As suggested by @Romain, you could read the version from a property file (either /META-INF/maven/groupId/artifactId/pom.properties if you can wait until the packaging or roll your own filtered file if you can't or if it doesn't provide everything you need).

And is you want to stick with your actual Version class, then have a look at this thread on the maven users list which is precisely proposing a solution for this (based on the antrun plugin that you'll bind on the generated-sources phase).

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Based on the answer by @superole. This is a simplified version without the need to set extra properties. Just the project's version is copied into Version.java.

Put Version.java into src/main/templates:

package thepackage;

public final class Version {

 public static String VERSION="${project.version}";

}

Instruct maven to replace the tokens in Version.java

<resources>
    <resource>
        <directory>src/main/templates</directory>
        <includes>
            <include>*.java</include>
        </includes>
        <filtering>true</filtering>
        <targetPath>${project.build.directory}/generated-sources/java/thepackage</targetPath>
    </resource>
</resources>

Instruct maven to know generated-sources/java as build path:

<plugin>
    <groupId>org.codehaus.mojo</groupId>
    <artifactId>build-helper-maven-plugin</artifactId>
    <version>1.8</version>
    <executions>
        <execution>
             <id>add-source</id>
            <phase>generate-sources</phase>
            <goals>
                <goal>add-source</goal>
            </goals>
            <configuration>
                <sources>
                    <source>${project.build.directory}/generated-sources/java/</source>
                </sources>
            </configuration>
        </execution>
    </executions>
</plugin>

Finally, let Eclipse m2e

  • be aware of the new build path
  • and not to fall into an endless loop build.

The second point is achieved by disabling using the maven-resources-plugin during the incremental build of eclipse.

<pluginManagement>
    <plugins>
        <plugin>
            <groupId>org.eclipse.m2e</groupId>
            <artifactId>lifecycle-mapping</artifactId>
            <version>1.0.0</version>
            <configuration>
                <lifecycleMappingMetadata>
                    <pluginExecutions>
                        <pluginExecution>
                          <pluginExecutionFilter>
                            <groupId>org.codehaus.mojo</groupId>
                            <artifactId>build-helper-maven-plugin</artifactId>
                            <versionRange>[1.0,)</versionRange>
                            <goals>
                              <goal>parse-version</goal>
                              <goal>add-source</goal>
                              <goal>maven-version</goal>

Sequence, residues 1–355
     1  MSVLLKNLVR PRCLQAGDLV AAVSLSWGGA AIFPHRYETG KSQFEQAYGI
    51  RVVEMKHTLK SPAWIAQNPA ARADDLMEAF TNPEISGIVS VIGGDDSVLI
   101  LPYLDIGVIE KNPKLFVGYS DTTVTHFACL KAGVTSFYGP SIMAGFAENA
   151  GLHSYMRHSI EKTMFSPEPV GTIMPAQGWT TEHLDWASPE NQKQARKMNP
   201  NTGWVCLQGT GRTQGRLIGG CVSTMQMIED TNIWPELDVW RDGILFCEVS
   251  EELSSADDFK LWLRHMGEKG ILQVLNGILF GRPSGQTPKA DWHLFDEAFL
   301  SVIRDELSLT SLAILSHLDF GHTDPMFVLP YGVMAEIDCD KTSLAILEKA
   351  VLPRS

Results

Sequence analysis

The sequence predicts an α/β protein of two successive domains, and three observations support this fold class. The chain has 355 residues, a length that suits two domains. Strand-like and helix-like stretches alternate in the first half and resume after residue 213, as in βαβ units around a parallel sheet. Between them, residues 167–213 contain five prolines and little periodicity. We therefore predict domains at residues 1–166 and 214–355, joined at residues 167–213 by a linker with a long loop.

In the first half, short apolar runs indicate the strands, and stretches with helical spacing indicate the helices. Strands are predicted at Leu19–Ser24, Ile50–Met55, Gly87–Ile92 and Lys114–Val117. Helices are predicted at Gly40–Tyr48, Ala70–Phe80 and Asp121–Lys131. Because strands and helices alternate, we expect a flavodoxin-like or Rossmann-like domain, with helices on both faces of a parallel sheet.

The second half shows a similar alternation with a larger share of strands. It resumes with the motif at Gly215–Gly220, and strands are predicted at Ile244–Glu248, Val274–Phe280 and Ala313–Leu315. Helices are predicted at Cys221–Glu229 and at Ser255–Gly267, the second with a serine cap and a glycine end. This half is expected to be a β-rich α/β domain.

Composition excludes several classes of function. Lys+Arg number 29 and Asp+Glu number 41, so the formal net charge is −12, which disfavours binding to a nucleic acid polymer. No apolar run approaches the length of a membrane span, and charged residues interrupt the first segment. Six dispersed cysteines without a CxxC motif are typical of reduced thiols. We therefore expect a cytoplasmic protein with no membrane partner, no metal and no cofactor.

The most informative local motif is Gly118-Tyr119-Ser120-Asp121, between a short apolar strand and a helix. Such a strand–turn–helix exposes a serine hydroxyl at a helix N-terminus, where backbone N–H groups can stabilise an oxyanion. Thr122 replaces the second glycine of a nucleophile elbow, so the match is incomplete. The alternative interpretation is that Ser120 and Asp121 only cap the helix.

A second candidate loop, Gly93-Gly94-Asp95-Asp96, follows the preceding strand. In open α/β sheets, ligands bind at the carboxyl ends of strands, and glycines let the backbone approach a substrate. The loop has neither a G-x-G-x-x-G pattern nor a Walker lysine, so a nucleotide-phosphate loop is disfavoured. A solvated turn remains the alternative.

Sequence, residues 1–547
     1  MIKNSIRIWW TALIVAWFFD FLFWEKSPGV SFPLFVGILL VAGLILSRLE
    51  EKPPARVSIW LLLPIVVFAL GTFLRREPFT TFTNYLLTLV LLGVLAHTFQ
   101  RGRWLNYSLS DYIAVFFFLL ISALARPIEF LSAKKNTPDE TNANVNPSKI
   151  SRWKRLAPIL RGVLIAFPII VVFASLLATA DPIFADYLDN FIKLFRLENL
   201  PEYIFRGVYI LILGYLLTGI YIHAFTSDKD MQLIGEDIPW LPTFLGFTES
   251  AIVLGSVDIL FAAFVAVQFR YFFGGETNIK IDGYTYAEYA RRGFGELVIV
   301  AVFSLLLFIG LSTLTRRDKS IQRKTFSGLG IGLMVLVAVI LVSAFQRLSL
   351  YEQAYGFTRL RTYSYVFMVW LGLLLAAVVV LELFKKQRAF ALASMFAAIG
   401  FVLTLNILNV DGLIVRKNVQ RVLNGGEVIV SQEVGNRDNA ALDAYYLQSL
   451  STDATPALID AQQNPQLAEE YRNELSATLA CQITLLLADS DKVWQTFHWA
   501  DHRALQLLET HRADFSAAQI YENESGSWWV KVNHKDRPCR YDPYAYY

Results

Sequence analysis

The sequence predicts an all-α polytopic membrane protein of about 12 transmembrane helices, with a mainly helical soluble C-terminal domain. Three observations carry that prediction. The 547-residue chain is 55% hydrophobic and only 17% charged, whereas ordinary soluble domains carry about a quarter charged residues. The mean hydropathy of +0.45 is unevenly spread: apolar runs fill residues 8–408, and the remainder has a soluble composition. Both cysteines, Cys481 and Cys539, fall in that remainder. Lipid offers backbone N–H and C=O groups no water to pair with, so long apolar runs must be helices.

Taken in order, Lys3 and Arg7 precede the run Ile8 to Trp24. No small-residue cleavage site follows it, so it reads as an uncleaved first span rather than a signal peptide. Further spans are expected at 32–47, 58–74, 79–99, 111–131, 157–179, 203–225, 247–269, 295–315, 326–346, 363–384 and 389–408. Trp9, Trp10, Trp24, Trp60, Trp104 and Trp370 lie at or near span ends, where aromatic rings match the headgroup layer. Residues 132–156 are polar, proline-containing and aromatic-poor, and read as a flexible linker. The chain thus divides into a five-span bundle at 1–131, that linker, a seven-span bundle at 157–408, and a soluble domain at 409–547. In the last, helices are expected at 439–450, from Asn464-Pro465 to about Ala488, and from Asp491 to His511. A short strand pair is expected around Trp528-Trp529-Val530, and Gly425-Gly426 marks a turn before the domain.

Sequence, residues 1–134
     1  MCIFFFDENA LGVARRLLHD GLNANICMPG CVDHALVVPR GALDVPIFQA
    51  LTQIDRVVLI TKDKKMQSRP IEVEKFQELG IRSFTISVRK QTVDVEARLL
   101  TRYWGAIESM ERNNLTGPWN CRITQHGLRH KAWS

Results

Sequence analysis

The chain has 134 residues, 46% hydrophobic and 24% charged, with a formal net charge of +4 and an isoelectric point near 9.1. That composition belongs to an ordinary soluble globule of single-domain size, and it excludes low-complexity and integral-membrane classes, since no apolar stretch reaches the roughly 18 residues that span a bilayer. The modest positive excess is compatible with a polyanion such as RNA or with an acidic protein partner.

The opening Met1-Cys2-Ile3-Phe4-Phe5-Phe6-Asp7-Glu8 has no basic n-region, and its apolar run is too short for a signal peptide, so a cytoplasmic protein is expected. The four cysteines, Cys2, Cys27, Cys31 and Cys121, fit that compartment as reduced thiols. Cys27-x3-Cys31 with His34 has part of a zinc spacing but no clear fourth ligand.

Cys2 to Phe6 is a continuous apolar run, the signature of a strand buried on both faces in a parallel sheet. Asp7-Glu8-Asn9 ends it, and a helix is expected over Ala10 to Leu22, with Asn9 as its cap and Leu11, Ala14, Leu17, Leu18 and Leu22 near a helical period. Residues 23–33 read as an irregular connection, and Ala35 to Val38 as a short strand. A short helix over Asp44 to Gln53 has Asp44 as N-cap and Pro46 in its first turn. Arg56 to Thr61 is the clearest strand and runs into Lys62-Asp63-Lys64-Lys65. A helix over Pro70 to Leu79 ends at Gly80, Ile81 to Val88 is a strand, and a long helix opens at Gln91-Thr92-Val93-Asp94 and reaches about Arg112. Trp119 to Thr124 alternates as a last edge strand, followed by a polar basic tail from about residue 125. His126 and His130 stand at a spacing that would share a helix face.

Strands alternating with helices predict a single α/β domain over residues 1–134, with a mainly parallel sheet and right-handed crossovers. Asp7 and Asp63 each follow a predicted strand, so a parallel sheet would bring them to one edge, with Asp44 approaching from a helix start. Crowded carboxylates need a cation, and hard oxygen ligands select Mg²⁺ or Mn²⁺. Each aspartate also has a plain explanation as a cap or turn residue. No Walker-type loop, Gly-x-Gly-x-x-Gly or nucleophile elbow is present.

<goal>add-resource</goal>
                              <goal>add-test-resource</goal>
                              <goal>add-test-source</goal>
                            </goals>
                          </pluginExecutionFilter>
                          <action>
                            <execute>
                              <runOnConfiguration>true</runOnConfiguration>
                              <runOnIncremental>true</runOnIncremental>
                            </execute>
                          </action>
                        </pluginExecution>
                        <pluginExecution>
                            <pluginExecutionFilter>
                                <groupId>org.apache.maven.plugins</groupId>
                                <artifactId>maven-resources-plugin</artifactId>
                                <versionRange>[1.0.0,)</versionRange>
                                <goals>
                                    <goal>resources</goal>
                                </goals>
                            </pluginExecutionFilter>
                            <action>
                                <execute>
                                    <runOnConfiguration>true</runOnConfiguration>
                                    <runOnIncremental>false</runOnIncremental>
                                </execute>
                            </action>
                        </pluginExecution>
                    </pluginExecutions>
                </lifecycleMappingMetadata>
            </configuration>
        </plugin>
    </plugins>
</pluginManagement>

thepackage needs to be replaced by your package: Also adjust the targetPath accordingly. I found it easier to set the path in targetpath instead of having many subfolders in src/main/templates.

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This is awesome. –  Jesse Wilson Sep 28 at 2:39

The standard way to do just that with very few lines of XML code is now to use the templating-maven-plugin.

See my answer in Filtering source code in Maven

In general, the Maven way is to describe what you want to do. Then figure how. When how requires tens or hundreds of lines of XML, either find the right plugin that does that, or write it. That was the rationale that created the templating-maven-plugin :-).